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Mortgage dilemma: seems like there is no optimal solution?
June 26, 2014 12:14 PM   Subscribe

This was me a few months ago: Rent or sell my condo at a loss? Well, now I've decided to sell it. But have a question about what to do about my mortgage.

I own a tiny condo that’s worth about $255,000. I have about $27,000 in equity. The market where I live is very strong and my unit would likely sell for close to/slightly above $255,000, based on comps. My partner and I have now decided that we want to sell our individual condos and buy a new house or condo together as soon as possible. So we each have to sell a condo.

The complications – I will try to explain as best as I can: I have a closed mortgage that does not mature for 2 more years. My partner has no mortgage on their condo. I’d like to carry over my mortgage amount to a new place we buy together in order avoid the financial penalty – more on that below.

We think it makes more sense to sell my place first (which is much smaller) and not buy a new place together for a few months. We’d need a bit of time to look. We'd live in partner's place while we look.

But if sell my condo without transferring the mortgage right away to a new place, I must pay a penalty for breaking my mortgage before the term expires. That would be ~ $11K.

So what do we do? A friend said we should ask my bank this: If we buy a new place and take out a our new mortgage with your bank within 3 months of breaking the current mortgage contract – would all or some portion of the penalty money be returned?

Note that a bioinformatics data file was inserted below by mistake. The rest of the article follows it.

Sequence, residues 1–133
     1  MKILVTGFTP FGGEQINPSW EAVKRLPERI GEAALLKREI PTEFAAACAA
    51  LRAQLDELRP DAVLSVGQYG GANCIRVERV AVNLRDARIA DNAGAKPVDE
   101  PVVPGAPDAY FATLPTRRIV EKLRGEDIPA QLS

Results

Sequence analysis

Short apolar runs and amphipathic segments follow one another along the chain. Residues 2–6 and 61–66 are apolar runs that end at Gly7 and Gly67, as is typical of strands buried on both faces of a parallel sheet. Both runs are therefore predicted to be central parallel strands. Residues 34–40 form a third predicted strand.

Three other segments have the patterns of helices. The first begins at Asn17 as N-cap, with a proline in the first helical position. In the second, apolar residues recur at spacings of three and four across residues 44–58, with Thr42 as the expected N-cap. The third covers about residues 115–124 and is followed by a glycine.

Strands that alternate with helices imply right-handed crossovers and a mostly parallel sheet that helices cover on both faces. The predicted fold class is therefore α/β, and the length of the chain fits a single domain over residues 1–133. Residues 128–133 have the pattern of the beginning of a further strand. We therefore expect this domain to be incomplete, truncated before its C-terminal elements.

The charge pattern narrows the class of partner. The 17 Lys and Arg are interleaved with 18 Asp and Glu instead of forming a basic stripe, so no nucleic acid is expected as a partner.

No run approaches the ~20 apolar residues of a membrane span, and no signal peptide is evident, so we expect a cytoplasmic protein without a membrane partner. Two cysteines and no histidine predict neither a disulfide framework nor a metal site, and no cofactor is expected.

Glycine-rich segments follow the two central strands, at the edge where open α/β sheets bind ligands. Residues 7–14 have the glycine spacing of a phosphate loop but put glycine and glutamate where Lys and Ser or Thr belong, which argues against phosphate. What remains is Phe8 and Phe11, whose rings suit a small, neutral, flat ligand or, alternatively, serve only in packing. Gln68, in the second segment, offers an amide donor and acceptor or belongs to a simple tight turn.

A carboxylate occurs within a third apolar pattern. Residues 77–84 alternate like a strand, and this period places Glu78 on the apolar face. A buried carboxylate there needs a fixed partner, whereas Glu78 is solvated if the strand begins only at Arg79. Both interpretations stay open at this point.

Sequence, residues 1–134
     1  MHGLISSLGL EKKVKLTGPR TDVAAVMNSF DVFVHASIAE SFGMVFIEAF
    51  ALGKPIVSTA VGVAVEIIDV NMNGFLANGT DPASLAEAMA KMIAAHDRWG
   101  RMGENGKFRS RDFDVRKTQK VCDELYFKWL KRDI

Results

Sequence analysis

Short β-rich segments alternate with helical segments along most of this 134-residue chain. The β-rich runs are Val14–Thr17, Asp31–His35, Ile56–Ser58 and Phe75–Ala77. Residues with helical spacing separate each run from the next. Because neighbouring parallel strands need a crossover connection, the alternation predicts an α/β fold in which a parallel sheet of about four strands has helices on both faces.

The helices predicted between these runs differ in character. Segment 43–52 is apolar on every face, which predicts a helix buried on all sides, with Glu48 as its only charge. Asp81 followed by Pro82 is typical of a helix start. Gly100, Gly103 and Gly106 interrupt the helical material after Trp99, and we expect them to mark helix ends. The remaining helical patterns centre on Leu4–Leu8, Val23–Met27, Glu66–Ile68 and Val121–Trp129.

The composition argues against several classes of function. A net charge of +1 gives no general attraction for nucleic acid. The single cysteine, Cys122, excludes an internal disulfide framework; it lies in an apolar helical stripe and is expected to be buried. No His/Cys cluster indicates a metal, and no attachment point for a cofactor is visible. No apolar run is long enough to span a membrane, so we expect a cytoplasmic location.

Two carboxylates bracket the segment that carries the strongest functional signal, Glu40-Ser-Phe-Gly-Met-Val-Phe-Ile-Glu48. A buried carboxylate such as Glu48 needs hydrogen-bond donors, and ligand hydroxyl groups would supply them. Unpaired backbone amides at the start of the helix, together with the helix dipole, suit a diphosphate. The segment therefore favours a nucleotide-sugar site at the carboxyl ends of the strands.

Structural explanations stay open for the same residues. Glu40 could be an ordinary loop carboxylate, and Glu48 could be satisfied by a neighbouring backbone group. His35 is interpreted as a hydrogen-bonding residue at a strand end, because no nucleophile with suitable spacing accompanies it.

She said banks will sometimes do this to keep the customer. I am a very small potatoes customer so not sure if they’d even care!

The amount of the new mortgage would likely be the total mortgage amount on the new place – the rest would be covered in the down payment (which we won’t have until we sell partner’s condo.) Both our names would be on the new mortgage/condo or house. (i.e., we plan to be joint tenants not tenants-in-common since we are partners -- we are not married, but don’t rule that out.)

If the bank says no – then what are some other options? Maybe there are no creative solutions and I just have to sell my condo and eat the penalty?

Sorry if I have not explained this well – this is confusing the heck out of both of us.

BTW -- this is in Canada -- not sure if that matters.
posted by myorangesocks to Work & Money (1 answer total)
 
You need a lawyer.
posted by sevensnowflakes at 2:30 PM on June 26 [2 favorites]


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